Needle Doctor is leaving Dinkytown

After 30 years, Jerry Raskin’s Needle Doctor is moving to a new St. Louis Park location.

Osseo High School junior Jordan Limmer, left, waits along with his father, Warren Limmer, center, as Needle Doctor employee Matthew Randall checks the speed of their turntable Friday at the store.  The Warrens made the drive from Maple Grove to the Dinkytown for the visit.

Osseo High School junior Jordan Limmer, left, waits along with his father, Warren Limmer, center, as Needle Doctor employee Matthew Randall checks the speed of their turntable Friday at the store. The Warrens made the drive from Maple Grove to the Dinkytown for the visit.

Jennifer Bissell

After 30 years in Dinkytown, Jerry Raskin’s Needle Doctor is packing up Friday to move to a bigger location in St. Louis Park.
With only a small storage space and more than 90 percent of its sales coming online, manager Ken Bowers said it was time to move on.
“I’m definitely going to miss Dinkytown. There’s a really good energy here,” Bowers said. “It just doesn’t make sense for us to be here financially.”
Located on 14th Avenue Southeast and 4th Street Southeast, the Needle Doctor has the “world’s largest selection” of turntable equipment, according to the shop.
 “Everybody knew Jerry [Raskin],” said Skott Johnson, president of the Dinkytown Business Association. “I’m sure Jerry has a special place in his heart for Dinkytown.”
Starting in 1979, Raskin began the Needle Doctor, selling blank cassette tapes out of his backpack. From there, he sold audio equipment out of his car until opening a store in the Dinkydome, employee Jim Frickle said.
Around the time the store moved to its current location, competition from neighboring record stores started to heat up, leading to the Needle Doctor’s efforts online.
 “When Best Buy came along, Needle Doctor hit some hard times, but then the new railroad came through town,” employee Bradley Gausman said, referring to Raskin’s metaphor for the internet.
Raskin declined to comment for this story.
“[Raskin] managed to find a niche online that wasn’t being served by the big box stores that were taking over,” Gausman added. “You don’t need a store in every town. You just need one to mail to [customers], so that’s us.”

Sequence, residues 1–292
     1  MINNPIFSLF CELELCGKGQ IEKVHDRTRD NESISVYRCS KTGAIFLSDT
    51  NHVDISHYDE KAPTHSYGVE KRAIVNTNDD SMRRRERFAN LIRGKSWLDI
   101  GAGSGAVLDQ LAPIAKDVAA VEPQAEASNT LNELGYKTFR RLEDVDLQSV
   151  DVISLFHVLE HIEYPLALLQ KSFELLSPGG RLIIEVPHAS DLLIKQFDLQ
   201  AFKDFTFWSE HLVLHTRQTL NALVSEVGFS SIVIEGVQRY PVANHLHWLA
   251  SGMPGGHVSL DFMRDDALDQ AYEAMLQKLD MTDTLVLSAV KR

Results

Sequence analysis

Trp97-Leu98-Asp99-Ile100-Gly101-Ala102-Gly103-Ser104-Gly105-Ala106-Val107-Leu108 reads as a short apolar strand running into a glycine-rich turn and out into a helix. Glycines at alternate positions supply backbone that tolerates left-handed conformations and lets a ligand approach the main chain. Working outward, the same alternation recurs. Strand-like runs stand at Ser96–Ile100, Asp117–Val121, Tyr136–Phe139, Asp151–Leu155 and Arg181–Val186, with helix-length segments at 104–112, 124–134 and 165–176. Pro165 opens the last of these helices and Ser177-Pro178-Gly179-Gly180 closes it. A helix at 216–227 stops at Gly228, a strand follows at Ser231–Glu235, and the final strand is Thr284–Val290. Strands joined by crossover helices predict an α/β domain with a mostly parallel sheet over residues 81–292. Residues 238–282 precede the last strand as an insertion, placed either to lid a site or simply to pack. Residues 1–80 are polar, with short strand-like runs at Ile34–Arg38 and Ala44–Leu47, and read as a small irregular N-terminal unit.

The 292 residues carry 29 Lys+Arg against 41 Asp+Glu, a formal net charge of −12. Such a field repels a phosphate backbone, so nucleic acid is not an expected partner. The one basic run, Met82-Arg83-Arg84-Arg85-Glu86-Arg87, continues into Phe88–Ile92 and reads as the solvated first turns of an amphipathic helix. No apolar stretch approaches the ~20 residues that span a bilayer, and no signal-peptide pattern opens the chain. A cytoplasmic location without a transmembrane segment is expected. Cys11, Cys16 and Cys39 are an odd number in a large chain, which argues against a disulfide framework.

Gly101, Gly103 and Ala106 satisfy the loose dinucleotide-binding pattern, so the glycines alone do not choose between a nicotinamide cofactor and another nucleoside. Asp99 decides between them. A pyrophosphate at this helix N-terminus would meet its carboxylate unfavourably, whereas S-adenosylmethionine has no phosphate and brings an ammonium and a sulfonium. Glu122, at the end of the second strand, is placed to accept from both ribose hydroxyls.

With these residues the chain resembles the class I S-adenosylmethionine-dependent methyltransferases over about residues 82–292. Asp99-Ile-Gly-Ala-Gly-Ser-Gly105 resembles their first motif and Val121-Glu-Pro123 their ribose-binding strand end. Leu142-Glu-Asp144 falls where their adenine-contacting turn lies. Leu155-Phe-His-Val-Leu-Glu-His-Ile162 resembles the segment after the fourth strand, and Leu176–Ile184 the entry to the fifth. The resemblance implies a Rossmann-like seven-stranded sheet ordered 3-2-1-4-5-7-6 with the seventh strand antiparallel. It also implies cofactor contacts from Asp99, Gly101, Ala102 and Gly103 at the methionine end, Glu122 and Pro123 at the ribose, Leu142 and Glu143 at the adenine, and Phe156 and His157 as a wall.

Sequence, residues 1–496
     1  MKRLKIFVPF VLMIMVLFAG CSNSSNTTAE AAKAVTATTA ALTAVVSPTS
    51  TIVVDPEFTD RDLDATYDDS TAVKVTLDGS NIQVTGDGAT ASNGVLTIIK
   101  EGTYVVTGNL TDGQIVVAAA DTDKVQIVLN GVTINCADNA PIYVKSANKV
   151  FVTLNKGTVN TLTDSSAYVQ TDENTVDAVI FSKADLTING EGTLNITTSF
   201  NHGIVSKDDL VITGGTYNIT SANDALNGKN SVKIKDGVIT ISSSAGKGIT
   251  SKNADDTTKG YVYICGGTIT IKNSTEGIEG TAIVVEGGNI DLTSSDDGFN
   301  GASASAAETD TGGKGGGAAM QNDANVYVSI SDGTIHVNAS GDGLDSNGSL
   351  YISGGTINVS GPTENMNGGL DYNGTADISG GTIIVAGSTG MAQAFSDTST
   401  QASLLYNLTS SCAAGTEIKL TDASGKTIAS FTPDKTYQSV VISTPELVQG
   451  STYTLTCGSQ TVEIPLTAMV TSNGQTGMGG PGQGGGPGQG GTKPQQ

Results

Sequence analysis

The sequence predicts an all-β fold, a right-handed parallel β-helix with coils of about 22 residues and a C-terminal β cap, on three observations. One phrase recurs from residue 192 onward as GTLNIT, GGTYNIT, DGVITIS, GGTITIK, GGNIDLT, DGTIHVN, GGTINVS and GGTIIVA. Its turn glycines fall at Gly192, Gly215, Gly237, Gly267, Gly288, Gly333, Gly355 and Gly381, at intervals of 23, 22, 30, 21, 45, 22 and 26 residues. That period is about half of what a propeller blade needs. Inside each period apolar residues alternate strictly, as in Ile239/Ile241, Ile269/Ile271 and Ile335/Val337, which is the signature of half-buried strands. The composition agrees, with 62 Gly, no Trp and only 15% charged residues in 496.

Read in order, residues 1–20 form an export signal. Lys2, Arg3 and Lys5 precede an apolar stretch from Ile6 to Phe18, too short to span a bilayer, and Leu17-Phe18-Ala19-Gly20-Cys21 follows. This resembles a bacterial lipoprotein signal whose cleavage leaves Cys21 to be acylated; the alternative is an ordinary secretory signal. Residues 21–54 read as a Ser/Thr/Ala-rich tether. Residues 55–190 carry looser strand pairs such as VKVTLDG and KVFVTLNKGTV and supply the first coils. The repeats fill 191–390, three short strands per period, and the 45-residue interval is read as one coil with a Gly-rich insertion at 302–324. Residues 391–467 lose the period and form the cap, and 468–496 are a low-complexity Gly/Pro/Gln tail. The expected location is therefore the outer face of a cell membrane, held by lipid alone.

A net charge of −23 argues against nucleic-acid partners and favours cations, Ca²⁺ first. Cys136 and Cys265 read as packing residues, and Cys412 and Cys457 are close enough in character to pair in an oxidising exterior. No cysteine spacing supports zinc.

Waiting on assistance for her broken record player, Ellen French scanned the store looking at the little parts and equipment along the walls.
“I’ve been coming here since the 70s,” she yelled to nobody in particular.
“Where’s Jerry?” she shouted, laughing.
Having lived in the area since 1968, French said she knew Dinkytown well and graduated from Marshall University High School, now the U-Tech Building, in 1983.
“There would be Burger King across the street, Bridgeman’s on the corner, Gray’s Drug Store, Gordon’s Bakery, the dental office,” French said, naming past Dinkytown businesses. “They’re probably not smoking pot on the streets anymore [either].”
Speaking about the Needle Doctor, French continued, “It’s nice to get what you need in your neighborhood.”
Bowers returned to French with a new part and receipt.
“We could really be anywhere, but I wonder if some of the vibe [in Dinkytown] — what vibe is actually left — will be gone by moving to St. Louis Park,” Bowers said.
During the 1960s and 1970s Dinkytown was, for the most part, all locally owned, “ma and pa” stores, Johnson said.
“Dinkytown was very upbeat and happy. People would come from all over the Twin Cities to shop here because you found things you wouldn’t find anywhere else,” Johnson said.
“You could find students sitting on sidewalks selling beaded jewelry, and there were always musicians on the sidewalks playing.”
Today, there wouldn’t be any protests if a big chain wanted to move in, Johnson said. “But that’s probably more of the culture with the students … It probably wouldn’t affect them as much,” Johnson said.
Now Dinkytown is mostly students passing though, Bowers said.
“It’s not a shopping destination. I mean, to come here is one thing, but there’s not really anything to buy around here. The bookstores are nice, but even the bookstores are hurting,” Bowers said. “It’s just not a ton of retail. It’s pretty generic and it will become even more generic now.”